So IC7 will be used when the calculator is connected via USB port to a computer, to regulate the external USB 5Volt down to 3Volt used to power the calculator, disabling the use of the internal CR2032 battery cell.
This allows to run the Processor at 80MHz instead of the regular 24MHz when the calculator runs on the battery.

-  IC1 and IC3: These two are the most obvious integrated circuits, but they are not alone. This is not a two IC's design.

- IC5 and L1:  IC5 is not readable in the published picture. However, it is close to the LCD connector.
Assuming that the LCD in use is a  LS027B7DH01 from Sharp Microelectronics (is it?), then it requires a 5Volt supply line to operate.
As the internal battery cell supplies just 3Volt, a step-up converter is needed and the IC5 and L1 combination may be in use for this purpose.
IC5 could be a single opamp on a 6-pin package, like the MAX4401.
Although a more conventional charge pump IC and capacitor (no inductor required) could be used here.
Just guessing.

- IC4 and Q2: IC4 is not readable in the published picture. But its close proximity to the buzzer would make it an audio driver (again, a MAX4401) using Q2 transistor to connect to the buzzer.
Again, just guessing.
Any corrections or even better, additional information on the hardware design and high resolution pictures of both sides of the PCB, is very welcome!

Estimate for battery current consumption:

Since SwissMicros is omitting the average current consumption on the DM42, here is a rough estimate for worst case scenarios:

- 11.4uA in power Off mode on average.
- 5.25mA in Power On state and running a non stop program
(Note that the power on state value will be higher when writing to the Flash ROM).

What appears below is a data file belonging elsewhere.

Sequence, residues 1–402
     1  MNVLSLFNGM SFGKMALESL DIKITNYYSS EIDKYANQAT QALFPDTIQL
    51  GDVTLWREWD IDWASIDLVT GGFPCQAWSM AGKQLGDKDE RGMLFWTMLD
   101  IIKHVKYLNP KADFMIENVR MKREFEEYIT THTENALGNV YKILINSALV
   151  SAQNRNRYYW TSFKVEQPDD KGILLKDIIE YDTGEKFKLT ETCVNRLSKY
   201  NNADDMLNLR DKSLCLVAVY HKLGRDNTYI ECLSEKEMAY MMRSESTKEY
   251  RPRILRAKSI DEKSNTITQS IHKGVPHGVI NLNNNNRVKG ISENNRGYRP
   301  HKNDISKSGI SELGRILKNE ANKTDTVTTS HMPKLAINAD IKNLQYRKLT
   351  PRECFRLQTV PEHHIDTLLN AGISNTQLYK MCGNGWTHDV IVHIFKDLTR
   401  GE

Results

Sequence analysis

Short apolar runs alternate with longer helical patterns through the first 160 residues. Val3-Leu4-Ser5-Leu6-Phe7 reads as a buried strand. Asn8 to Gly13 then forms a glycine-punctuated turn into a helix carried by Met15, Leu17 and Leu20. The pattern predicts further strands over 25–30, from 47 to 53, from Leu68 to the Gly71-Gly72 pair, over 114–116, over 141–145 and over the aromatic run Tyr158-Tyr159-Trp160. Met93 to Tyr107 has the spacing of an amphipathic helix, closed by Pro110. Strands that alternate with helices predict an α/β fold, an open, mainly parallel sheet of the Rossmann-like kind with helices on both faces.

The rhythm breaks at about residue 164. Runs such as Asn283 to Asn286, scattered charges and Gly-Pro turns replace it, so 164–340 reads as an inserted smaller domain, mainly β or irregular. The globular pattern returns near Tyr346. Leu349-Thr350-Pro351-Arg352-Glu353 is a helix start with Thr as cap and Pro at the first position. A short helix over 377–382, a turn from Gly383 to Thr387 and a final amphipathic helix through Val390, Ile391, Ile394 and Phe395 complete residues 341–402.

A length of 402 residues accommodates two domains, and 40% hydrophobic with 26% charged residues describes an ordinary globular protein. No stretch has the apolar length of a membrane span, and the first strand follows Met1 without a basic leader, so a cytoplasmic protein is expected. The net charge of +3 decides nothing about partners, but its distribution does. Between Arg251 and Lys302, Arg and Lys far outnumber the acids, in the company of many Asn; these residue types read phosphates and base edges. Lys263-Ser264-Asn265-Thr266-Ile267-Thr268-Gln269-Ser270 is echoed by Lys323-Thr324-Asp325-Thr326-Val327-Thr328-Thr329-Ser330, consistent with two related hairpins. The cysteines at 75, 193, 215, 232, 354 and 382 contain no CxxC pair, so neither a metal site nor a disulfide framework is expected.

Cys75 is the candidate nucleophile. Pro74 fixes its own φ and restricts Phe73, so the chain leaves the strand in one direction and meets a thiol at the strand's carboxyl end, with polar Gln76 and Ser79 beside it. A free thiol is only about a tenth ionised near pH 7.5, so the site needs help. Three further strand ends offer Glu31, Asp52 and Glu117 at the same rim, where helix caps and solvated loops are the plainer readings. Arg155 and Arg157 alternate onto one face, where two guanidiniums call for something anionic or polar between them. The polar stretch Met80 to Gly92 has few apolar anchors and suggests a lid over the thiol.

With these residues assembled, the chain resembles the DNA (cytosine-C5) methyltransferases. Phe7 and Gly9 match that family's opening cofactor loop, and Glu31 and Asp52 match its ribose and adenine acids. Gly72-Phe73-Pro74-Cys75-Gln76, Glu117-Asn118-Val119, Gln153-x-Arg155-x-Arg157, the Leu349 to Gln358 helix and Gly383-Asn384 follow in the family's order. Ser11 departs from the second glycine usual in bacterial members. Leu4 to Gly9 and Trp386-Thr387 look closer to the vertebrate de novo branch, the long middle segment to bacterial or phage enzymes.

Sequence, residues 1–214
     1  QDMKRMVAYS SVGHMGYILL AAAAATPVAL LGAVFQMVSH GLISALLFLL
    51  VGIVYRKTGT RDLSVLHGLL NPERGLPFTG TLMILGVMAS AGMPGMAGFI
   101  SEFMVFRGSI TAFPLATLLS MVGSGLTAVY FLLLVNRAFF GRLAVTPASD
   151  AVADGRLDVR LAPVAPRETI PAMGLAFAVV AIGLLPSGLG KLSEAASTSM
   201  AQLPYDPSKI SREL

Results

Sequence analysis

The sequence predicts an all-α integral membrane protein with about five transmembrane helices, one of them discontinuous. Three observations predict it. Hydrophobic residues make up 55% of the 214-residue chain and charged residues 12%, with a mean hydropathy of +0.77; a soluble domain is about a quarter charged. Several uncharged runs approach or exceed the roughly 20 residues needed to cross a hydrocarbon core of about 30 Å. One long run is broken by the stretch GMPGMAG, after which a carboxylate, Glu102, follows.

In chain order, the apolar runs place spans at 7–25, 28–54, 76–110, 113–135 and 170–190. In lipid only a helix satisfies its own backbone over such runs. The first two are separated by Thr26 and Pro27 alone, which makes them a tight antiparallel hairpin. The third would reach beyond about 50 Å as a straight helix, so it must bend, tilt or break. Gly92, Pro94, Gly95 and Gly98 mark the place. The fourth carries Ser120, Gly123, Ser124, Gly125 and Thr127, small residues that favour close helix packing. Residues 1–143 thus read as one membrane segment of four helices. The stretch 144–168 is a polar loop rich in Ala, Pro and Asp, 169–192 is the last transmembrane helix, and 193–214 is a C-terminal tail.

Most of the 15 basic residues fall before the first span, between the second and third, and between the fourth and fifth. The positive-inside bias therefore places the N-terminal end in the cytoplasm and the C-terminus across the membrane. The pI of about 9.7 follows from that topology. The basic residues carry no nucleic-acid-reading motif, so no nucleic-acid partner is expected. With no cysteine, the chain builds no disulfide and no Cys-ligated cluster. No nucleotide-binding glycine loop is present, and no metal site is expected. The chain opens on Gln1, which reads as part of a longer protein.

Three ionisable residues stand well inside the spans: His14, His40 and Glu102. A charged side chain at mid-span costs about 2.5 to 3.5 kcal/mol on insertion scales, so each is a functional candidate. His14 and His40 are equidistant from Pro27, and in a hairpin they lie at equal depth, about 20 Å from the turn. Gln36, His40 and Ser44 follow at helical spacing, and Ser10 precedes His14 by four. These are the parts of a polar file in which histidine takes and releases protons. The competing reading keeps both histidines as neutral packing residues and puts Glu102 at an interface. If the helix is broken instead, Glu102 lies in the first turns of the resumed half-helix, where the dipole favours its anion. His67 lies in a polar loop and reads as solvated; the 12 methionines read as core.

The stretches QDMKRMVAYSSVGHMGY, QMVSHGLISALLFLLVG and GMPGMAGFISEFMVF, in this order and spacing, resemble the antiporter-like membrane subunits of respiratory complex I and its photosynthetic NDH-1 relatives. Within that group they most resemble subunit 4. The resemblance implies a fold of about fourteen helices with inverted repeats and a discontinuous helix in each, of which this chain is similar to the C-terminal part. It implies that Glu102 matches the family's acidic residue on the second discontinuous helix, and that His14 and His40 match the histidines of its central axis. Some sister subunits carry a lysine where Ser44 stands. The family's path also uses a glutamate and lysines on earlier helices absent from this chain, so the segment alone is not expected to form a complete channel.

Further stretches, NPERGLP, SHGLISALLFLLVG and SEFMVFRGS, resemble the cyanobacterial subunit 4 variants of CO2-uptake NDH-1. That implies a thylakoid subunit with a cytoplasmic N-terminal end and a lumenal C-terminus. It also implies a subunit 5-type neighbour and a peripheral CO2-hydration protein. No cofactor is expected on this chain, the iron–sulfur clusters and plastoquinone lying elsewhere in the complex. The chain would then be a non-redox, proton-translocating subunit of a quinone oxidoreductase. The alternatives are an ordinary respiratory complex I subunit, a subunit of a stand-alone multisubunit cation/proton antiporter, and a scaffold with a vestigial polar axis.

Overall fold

Can anyone with a current meter, an external 3VDC battery and a couple of wires take measurements for the benefit of all?

How did I get the above estimates:

Power On sate worst case scenario (running a non stopping program):
Avg: 45uA + 2400uA + 2800uA = 5.25mA
Max: 70uA + 2400uA + 4500uA = 6.97mA

LS027B7DH01: 1Hz refresh rate
35uA avg to 70uA max at 5V
3 to 5V step-up converter efficiency of 70% (guess value): 45uA to 91uA

STM32L476VGT6: on low power run mode:
100 μA/MHz x 24MHz = 2400uA

MX25R6435F: 100% reading mode only
2800uA avg to 4500uA max.

Power Off sate worst case scenario:
Avg. 10uA + 1.4uA = 11.4uA
Max. 25uA + 1.4uA = 26.4uA

LS027B7DH01: 1Hz refresh rate
10uA avg to 25uA

STM32L476VGT6: Stop 2 mode, with RTC:
1.4 μA

The larger consumer when in power off state would be the LCD display.

Input/Output interfaces visible on the PCB

Besides the standard USB I/O port and the InfraRed LED, at least two additional I/O ports are apparently available providing they are routed to the SoC STM32L476 VGT6 processor:

SPI2: This is an obvious standard Serial Peripheral Interface bus.
Located close to the battery cell and Reset/Pgm buttons.
This port is cleared labeled on the silkscreen close to the 32.768K-E Crystal.

Identified connector terminals:
GND: Ground
SPI2_SCK: Serial Clock
SPI2_CS: Slave select
SPI2_MOSI: Master Output / Slave Input
SPI2_MISO: Master Input / Slave Output
VCC: Power Supply

The STM32L476 provides three SPI buses and one Quad SPI bus.